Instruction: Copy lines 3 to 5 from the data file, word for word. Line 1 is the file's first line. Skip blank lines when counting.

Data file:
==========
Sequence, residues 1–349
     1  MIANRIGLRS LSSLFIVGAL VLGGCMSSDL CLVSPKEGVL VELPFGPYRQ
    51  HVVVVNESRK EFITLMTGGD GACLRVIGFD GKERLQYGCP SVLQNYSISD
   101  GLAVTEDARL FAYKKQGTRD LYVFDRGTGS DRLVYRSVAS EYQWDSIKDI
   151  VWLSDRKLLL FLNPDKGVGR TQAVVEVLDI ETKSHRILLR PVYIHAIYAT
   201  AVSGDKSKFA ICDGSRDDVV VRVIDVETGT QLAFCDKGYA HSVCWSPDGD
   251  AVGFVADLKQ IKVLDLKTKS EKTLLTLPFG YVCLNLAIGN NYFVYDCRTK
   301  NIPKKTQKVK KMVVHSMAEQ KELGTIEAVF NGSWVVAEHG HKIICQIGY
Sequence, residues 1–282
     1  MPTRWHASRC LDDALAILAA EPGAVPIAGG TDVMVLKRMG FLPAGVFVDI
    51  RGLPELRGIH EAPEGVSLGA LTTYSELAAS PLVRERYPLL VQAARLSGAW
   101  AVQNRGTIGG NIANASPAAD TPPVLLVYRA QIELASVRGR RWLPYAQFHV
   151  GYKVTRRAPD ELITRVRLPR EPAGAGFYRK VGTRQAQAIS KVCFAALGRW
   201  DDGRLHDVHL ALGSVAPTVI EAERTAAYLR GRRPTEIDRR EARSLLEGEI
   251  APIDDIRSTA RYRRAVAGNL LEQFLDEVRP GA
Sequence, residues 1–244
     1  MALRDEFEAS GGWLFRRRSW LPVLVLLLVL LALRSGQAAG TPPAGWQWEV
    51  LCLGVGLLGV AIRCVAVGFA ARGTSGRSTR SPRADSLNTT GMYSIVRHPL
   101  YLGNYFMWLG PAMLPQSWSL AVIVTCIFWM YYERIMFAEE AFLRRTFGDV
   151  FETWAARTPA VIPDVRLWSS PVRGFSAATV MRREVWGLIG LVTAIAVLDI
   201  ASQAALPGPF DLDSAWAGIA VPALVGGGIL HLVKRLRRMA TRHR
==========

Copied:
    51  HVVVVNESRK EFITLMTGGD GACLRVIGFD GKERLQYGCP SVLQNYSISD
   101  GLAVTEDARL FAYKKQGTRD LYVFDRGTGS DRLVYRSVAS EYQWDSIKDI
   151  VWLSDRKLLL FLNPDKGVGR TQAVVEVLDI ETKSHRILLR PVYIHAIYAT